To avoid this, try and preserve the paintings in normal temperature conditions. Avoid extreme temperature and humidity. It is variance in the temperature that can cause expansion and contraction in the painting. Avoid hanging paintings in smoky areas especially in areas where fire place is near. Handle paintings carefully especially while transporting them from one place to another. Also, carry the paintings with both hands and cover them while shifting or moving them from one place to another. Avoid hanging paintings directly under light sources as it can overheat and enhance cracking. Clean the painting regularly with a dry muslin cloth without dabbing the painting. Dust and dirt shouldn’t settle on the paintings as they can be acidic and can damage the colours of the paintings. Avoid direct sunlight. Sun rays can have a very damaging effect on paintings. They can cause discoloration, or fading in the paintings. Never hang paintings where they have a direct exposure to sunlight or even artificial light, such a halogen bulbs. It also enhances the yellowing of the varnish. Oil and acrylic paintings are most sensitive to light. If the painting is covered with glass, it will require regular clean up. Always spray the glass cleaner on the cloth rather on the glass while cleaning.

Rameshwar Broota

Sunday, April 26th, 2009 | Author:

rameshwarbroota-2Rameshwar Broota, born in 1941 is one of the talented painters of modern India. Broota mostly paints in the monochrome technique. His canvas foundation is usually painted in matte black. He works with a sharp and thin blade so as to bring in light and forms. This exposes the white surface below giving it a magnificent effect and creating deep space dimensions. His paintings look like a print.


His work of art has earned him three prestigious Lalit Kala Academy awards in 1980, 1981 and 1984. He was awarded the ‘Kala Vibhushan’ award by the AIFACS in 1987. From the very beginning of Broota’s career, he has been passionately involved in the human situation that degrades individuals. As a young painter Broota’s anger at the sufferings of the poor and the anguish at the voracity and corruption that he saw in society was eminently expressed in his early works which are a sardonic and bitter comment on the social society.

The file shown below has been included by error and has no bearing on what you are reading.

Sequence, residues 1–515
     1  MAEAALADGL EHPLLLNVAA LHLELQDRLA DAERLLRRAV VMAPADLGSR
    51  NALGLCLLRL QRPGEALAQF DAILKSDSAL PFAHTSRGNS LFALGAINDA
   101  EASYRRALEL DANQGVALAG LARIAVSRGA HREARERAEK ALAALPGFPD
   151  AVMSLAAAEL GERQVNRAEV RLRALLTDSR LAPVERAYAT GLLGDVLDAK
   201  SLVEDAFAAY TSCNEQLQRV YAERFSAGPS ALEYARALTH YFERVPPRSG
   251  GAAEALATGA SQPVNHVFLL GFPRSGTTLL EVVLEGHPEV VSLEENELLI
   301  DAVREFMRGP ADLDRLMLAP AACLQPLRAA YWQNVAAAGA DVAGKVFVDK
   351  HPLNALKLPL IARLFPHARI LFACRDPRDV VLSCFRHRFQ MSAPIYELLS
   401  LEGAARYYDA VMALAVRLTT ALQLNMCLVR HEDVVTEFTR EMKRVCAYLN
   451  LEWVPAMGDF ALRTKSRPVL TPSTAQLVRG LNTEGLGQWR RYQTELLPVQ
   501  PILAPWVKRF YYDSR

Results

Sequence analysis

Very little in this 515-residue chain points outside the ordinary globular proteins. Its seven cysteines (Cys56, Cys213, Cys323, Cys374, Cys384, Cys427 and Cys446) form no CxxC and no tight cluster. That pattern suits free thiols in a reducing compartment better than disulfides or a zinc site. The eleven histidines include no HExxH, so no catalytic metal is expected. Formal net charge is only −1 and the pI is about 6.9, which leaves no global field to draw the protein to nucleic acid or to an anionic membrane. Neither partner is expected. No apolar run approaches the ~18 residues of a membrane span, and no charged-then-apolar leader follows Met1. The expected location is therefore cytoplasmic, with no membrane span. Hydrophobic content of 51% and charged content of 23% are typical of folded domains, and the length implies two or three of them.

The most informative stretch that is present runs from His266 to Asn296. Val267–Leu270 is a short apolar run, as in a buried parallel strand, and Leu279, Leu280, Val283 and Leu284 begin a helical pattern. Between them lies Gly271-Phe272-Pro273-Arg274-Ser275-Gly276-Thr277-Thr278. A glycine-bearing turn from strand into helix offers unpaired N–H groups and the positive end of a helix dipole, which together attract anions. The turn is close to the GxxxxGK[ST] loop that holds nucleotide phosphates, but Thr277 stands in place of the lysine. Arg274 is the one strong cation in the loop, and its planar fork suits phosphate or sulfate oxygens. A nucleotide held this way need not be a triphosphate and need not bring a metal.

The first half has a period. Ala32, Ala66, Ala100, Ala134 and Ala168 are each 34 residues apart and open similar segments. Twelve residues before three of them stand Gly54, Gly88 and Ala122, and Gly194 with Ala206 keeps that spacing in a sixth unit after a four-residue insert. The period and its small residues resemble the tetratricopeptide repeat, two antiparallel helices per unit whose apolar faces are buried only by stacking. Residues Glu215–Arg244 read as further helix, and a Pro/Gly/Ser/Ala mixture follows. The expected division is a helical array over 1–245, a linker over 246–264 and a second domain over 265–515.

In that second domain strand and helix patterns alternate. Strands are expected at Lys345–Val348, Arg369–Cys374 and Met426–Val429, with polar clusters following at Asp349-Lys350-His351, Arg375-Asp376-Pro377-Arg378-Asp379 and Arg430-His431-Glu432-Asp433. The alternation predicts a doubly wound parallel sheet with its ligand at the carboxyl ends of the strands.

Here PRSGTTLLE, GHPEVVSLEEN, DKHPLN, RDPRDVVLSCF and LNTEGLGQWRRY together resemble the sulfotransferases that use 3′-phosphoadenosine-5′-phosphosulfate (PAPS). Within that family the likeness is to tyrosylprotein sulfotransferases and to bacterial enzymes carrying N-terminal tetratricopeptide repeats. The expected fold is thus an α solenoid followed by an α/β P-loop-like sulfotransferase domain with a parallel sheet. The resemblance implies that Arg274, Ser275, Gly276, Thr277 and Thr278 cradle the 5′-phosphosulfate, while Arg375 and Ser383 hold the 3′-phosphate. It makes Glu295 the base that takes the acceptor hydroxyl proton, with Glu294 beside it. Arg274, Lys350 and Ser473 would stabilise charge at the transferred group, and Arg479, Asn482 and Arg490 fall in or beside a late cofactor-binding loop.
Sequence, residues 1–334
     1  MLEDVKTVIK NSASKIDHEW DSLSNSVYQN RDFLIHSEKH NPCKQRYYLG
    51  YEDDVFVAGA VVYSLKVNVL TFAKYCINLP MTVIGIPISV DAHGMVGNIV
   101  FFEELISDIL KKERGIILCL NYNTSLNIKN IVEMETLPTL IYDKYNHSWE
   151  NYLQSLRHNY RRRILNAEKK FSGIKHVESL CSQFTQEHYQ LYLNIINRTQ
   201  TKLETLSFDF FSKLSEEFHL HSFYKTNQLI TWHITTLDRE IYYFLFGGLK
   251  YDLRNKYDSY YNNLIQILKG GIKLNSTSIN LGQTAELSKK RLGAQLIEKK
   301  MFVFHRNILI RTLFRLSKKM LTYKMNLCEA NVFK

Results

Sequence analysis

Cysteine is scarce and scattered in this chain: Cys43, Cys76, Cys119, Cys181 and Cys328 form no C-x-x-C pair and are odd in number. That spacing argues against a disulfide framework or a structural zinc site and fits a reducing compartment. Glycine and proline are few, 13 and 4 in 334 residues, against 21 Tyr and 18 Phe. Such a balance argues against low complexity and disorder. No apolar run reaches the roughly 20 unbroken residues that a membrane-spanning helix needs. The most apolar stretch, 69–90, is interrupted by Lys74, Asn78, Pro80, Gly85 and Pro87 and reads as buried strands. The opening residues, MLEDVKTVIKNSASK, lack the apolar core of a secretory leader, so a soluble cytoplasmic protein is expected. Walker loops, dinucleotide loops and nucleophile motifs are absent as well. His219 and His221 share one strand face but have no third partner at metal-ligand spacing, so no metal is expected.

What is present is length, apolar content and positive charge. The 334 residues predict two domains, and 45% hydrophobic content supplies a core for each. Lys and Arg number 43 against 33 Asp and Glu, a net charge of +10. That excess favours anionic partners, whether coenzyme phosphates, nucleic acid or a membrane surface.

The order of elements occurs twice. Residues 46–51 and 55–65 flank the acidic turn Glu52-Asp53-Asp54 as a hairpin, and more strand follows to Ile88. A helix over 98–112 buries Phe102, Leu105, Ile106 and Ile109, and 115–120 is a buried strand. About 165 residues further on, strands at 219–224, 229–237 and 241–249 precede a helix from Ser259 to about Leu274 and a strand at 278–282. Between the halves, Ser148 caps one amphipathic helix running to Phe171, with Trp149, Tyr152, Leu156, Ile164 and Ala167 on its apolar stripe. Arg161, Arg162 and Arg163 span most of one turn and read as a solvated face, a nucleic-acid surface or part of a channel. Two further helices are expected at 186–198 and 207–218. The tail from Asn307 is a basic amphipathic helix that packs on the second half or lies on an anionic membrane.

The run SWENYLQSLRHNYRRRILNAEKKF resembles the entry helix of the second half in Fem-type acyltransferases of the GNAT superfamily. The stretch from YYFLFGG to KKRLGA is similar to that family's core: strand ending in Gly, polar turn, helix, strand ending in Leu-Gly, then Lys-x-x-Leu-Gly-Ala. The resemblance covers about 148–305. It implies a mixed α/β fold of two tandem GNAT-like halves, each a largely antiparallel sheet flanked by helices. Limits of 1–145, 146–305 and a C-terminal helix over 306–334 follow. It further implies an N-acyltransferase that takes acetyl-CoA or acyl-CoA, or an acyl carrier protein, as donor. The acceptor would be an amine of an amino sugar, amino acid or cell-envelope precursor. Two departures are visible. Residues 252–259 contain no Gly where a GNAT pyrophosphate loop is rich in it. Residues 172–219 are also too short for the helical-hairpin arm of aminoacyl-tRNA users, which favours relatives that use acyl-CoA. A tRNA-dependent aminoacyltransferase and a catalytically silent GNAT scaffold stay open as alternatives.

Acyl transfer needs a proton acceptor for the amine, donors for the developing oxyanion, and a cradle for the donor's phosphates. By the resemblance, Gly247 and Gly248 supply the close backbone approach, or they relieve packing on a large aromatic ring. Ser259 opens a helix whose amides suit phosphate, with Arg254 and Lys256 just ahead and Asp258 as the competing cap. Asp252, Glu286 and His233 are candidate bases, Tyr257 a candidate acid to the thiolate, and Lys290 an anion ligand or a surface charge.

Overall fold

While admiring Broota’s Painting, imagination takes over the real form inspite of looking at a real form. There are innumerable interpretations that the spectator may have about his paintings but the importance and the joy is when Broota allows you to weave your own story through the painting.


His canvasses are large and are enormously obscure monumental drawings. Broota’s present works have an abstract bent with symbols communicating the cadence of time, of man, and of existence. His works can be seen at


Broota has also made some experimental video art films which were shown at Shridharani Gallery in 1987. Broota’s works are housed in the leading collections in the National Gallery of Modern Art, Lalit Kala Academy, and other international art museums.

Mixed Media

Saturday, April 25th, 2009 | Author:

This is one of the most cavernous mediums to work with as there are endless mediums that can be used in permutations and combinations which will create fantastic effects to your painting. Most artists like working with materials like which are acrylics, colored pencils, colored inks watercolor pencil and paints, pastels and graphite pencils. What is important to remember is that while using mixed media is that the canvas or the paper that one is working on needs to be smooth. Mixed media is a platform which is most interesting because this is used for abstract arts and you can really create mysterious conundrums through this painting medium!


Here, there are no set techniques like we saw in water colour painting. This medium is absolutely open for your creative output. Hence do not hesitate to do what your heart wants to do. Many amateurs feel apprehensive towards doing something innovative with their paintings. Do not follow the norms always. Experiment with the medium and learn from your own mistakes. To start with, watercolour wash and a colored pencil approach are usually adapted.   They give a pastel type effect to the whole picture. Graphite pencils are used for fine detailing and acrylics and oil paints are used for heightened effect. Some of the things that one needs to keep in mind are: not to use dark colored pencils over dried pale acrylic colours. This is because when acrylic colour dries they leave tiny little bumps on the canvas and the pencil color that one will use will only accumulate the bumped area and this will be very prominent in the picture and will look shabby.


One can view Mixed media paintings, sclupture and new media works by Partha Das Gupta, Sanjay Barot, Hardik Kansara and Bhrigu Sharma till 30th May 2009 at the Strand Art Room, Colaba Mumbai.